It isn’t complicated. Colder temperatures are in a cool blue and warmer temperatures in a warm red. The brighter the respective colour, the more intense the extreme temperatures. As you all know, I am averse to warm weather and so I will naturally default to living somewhere in the upper Midwest or maybe Maine. It is pretty clear that I will not really countenance moving to the desert southwest or Texas. But places such as Philadelphia, New York, and Washington are squarely in the blacked out or at least very dark grey range of, not super bad.
It’s cold out in Chicago. And not just the usual winter cold, but record-setting cold. And when the temperature gets that low, when you mix in a little bit of wind, it can become dangerous very quickly. In an article about the weather conditions in the Midwest, the BBC included this graphic at the end.
Even the slightest bit of wind decreases the time one has before frostbite sets in. So wrap up and stay warm, everyone.
Credit for the piece goes to the BBC graphics department.
Christmas time is a time when people receive gifts. Well this year was no different and I received a few. One, however, was in a box stuffed with old newspaper pages. And it turns out one of said pages had a graphic on it. So let us spend today looking at this little blast from the past.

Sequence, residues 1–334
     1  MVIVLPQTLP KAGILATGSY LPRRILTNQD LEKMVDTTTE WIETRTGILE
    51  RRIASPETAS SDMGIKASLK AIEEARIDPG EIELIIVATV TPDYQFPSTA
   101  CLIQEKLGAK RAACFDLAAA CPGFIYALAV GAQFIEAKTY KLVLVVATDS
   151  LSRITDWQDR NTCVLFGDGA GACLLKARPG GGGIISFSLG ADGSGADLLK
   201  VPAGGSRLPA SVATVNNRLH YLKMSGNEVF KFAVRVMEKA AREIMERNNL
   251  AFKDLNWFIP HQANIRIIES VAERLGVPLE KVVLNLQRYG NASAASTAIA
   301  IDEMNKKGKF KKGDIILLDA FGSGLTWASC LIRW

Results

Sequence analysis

The piece looks at PECO outages, PECO being the Philadelphia region’s main electricity supplier. The article is full page and is both headed and footed with photography, the graphic in which we are interested sits centre stage in the middle of the page.
Overall the graphic is fairly compact and works well at showing the distribution of the outages, which the bar chart below the choropleth shows was historically significant. (Despite my years in Chicago, I was somehow in the area for all but the storm written about and can confirm that they were, in fact, disruptive.)